Neuroscientists explore mysterious “events” in the brain that open up new avenues for understanding brain damage and damage – ScienceDaily


Using a new model of brain activity, computational neuroscientists at Indiana University, Maria Pope, Richard Betzel and Olaf Sporns, explore striking explosions of activity in the human brain that have never never been reviewed before. These bursts could potentially serve as biomarkers for brain diseases and conditions such as depression, schizophrenia, dementia and ADHD.

By analyzing human neuroimaging data, the IU research team discovered short spells of activity that form continuous “events” in the brain and that always occur, regardless of activity or state. of the brain. During a 10-minute brain scan, these events will occur about 10 to 20 times, each lasting just a few seconds, the researchers found.

“What people hadn’t seen is that the way regions of the brain talk to each other is punctuated by those brief moments of a few seconds in which there is a lot going on,” said Olaf Sporns, professor. emeritus and president Robert H. Shaffer. in the Department of Psychological and Brain Sciences at the College of Arts and Sciences at IU Bloomington.

“Now that we see them, we’ve focused on those moments to get a picture of how specific brain regions connect and talk to each other during these events.”

To begin investigating how these mysterious events work, the team built a computer model. Led by Maria Pope, graduate student of the Sporns laboratory and holder of a double doctorate. A candidate in neuroscience and computer science, the group used neuroimaging data from a human brain to build a model that reproduces its connections. The model was then simulated in a state similar to that of the resting brain to create synthetic MRI signals, using mathematical equations that mimic neuronal activity.

The model showed burst-like events, just like those seen in recordings of the human brain.

The article describing the model and how it compares to the real brain appeared in the Nov. 16 issue of the Proceedings of the National Academy of Sciences.

“The model shows us that these events are guided by the structural network of the brain,” Pope said. “They are linked to the physical structure of the brain.”

Specifically, the events originate from clusters of neurons and regions of the brain that are densely interconnected and momentarily light up together. Sporns likened the motif to an orchestra playing a piece of music.

“There are times when the orchestra comes together and there is a theme. They don’t just play a single note for 10 minutes. There are brief times when coordinated activity dominates and at other times, there can be a lot less, ”Sporns said. “This ebb and flow of coordination is something that we also see in the brain, and our model can replicate it. Clusters of brain regions combine in different ways. This is not just a pattern, but several variations on it. a theme.”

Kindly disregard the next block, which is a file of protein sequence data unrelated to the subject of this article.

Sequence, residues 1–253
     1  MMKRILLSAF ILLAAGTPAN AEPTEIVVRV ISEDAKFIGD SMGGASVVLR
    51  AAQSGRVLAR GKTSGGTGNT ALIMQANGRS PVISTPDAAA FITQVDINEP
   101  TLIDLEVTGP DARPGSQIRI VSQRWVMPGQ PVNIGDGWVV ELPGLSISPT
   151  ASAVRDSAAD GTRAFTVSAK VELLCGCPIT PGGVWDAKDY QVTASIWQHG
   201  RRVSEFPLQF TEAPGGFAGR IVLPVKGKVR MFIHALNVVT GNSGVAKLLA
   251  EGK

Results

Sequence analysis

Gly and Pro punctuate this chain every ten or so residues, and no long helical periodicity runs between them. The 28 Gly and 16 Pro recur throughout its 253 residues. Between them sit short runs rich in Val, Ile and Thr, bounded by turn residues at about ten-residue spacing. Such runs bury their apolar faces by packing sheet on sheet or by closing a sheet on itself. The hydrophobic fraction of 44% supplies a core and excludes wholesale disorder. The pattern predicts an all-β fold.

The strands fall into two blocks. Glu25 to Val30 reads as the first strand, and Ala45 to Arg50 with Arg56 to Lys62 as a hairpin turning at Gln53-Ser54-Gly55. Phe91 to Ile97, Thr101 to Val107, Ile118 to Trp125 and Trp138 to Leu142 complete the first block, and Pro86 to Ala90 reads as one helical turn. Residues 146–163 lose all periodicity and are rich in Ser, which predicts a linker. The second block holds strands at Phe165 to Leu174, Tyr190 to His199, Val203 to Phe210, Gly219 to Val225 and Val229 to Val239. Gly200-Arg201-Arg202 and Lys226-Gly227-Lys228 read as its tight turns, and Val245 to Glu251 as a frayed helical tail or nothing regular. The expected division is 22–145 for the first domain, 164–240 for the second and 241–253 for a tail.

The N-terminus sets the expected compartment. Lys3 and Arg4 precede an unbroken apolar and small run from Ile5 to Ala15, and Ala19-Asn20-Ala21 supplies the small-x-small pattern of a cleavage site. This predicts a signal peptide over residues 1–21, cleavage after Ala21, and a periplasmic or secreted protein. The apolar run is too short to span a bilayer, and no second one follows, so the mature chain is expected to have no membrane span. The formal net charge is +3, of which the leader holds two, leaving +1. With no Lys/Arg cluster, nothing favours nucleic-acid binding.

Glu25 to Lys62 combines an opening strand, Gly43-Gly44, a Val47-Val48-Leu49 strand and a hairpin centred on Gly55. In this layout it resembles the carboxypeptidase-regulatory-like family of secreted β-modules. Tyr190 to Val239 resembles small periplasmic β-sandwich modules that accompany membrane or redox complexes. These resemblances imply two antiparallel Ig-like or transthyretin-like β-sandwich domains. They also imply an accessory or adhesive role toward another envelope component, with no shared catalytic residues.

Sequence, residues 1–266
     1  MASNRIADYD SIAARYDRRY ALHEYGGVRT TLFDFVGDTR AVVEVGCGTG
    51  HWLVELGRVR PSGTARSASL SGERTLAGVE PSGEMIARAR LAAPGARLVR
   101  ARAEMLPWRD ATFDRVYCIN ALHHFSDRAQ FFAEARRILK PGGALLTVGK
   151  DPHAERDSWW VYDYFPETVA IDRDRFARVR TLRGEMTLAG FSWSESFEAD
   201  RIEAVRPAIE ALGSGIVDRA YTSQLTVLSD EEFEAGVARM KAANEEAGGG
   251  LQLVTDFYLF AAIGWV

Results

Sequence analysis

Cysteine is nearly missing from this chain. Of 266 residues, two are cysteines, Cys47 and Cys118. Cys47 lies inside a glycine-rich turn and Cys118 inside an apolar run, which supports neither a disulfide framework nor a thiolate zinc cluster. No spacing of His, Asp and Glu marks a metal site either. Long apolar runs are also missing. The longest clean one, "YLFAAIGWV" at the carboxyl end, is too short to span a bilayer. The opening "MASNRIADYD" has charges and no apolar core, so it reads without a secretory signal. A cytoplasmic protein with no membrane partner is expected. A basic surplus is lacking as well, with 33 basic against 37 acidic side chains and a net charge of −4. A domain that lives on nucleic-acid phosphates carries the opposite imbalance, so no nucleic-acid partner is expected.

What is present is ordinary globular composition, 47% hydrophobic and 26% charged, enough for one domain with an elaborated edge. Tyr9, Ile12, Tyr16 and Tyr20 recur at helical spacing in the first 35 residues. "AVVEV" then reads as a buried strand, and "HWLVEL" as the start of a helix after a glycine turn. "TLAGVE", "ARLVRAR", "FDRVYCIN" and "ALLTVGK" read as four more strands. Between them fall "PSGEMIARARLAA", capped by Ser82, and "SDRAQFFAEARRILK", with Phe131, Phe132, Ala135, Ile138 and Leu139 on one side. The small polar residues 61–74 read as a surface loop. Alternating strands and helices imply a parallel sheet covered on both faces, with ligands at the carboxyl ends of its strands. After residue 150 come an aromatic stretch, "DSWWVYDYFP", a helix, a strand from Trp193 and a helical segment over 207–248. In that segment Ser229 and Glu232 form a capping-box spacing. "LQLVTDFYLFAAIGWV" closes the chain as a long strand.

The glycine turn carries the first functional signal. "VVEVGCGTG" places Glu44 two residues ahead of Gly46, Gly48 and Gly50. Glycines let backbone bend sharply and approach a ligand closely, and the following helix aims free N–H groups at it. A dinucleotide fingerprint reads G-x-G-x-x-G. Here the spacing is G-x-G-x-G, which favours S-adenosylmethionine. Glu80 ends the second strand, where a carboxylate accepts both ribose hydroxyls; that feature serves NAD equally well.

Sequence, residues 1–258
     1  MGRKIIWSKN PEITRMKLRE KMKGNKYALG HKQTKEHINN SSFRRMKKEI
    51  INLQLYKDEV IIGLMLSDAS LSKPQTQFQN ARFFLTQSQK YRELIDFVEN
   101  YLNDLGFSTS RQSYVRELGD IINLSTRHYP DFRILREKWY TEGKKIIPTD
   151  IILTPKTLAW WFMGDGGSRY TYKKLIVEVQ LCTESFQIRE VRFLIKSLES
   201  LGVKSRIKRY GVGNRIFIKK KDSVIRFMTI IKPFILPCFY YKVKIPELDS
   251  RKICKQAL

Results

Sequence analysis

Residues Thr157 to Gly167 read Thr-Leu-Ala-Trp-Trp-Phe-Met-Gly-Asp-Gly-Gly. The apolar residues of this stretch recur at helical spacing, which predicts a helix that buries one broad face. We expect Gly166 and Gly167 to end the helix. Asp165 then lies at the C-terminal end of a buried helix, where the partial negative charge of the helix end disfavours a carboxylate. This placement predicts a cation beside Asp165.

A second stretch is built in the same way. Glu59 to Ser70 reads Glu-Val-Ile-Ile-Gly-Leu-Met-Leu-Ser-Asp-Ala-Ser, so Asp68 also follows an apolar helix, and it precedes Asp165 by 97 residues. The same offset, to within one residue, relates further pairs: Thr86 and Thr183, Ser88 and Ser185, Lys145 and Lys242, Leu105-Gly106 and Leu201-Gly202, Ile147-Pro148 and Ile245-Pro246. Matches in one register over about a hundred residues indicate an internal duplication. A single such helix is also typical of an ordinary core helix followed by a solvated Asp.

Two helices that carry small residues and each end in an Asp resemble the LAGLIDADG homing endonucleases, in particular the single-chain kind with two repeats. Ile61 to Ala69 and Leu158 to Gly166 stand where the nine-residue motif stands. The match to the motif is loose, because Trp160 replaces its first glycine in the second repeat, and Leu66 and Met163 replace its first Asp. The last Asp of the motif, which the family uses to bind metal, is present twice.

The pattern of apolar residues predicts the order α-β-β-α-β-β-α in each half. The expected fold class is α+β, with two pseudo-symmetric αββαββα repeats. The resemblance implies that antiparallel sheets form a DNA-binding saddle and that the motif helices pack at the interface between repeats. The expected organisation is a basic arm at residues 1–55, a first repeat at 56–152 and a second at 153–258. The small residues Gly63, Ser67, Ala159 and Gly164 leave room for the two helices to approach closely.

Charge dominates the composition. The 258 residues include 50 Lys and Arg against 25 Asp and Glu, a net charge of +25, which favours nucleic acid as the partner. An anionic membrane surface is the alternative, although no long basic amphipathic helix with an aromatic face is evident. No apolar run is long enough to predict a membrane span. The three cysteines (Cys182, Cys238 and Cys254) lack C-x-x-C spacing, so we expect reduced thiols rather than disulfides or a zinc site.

The result of the new model, Sporns suggested, is a potential game changer.

“Functional connectivity has been at the heart of research as a potential biomarker of brain disorders and has been linked to conditions such as depression, schizophrenia, dementia and ADHD. And researchers have tried for years to use brain simulations in clinical applications to model lesions. or disease, ”Sporns said. “This new model gives us a better lens through which to look at the brain, to see more clearly what is happening under normal and abnormal conditions.”

Researchers are now digging deeper into why the human brain uses these brief bursts of activity.

“Maybe the brain has developed this type of activity because it’s beneficial. Something in the structure of events can be helpful to the brain,” Pope said. “For example, many types of networked systems need to perform occasional system updates or resets, taking useful information globally and communicating it to the rest of the system.”

The answers to these questions may have implications not only for understanding the brain, but also for the study of neural networks and artificial intelligence.

“Clearer mapping of structure and function at the individual level could have implications for how we diagnose neurological diseases and lead to personalized treatment and intervention,” said Betzel, professor in the Department of Psychological Sciences and Cerebral Studies from the College of Arts and Sciences.

The study was funded by the National Science Foundation grant “NRT: Intervascular Training in Complex Networks and Systems” (NSF 1735095) to Maria Pope and the National Science Foundation grant “NCS-FO: Edge-centric maps offunctional brain network organization and dynamics ”(NSF 2023985) to Richard Betzel and Olaf Sporns. Other co-authors include Makoto Fukushima, Division of Information Science, Graduate School of Science and Technology, and Data Science Center, Nara Institute of Science and Technology, Ikoma, Nara, Japan and Center for Information and Neural Networks, National Institute for Information and Communications Technology, Suita, Osaka, Japan.


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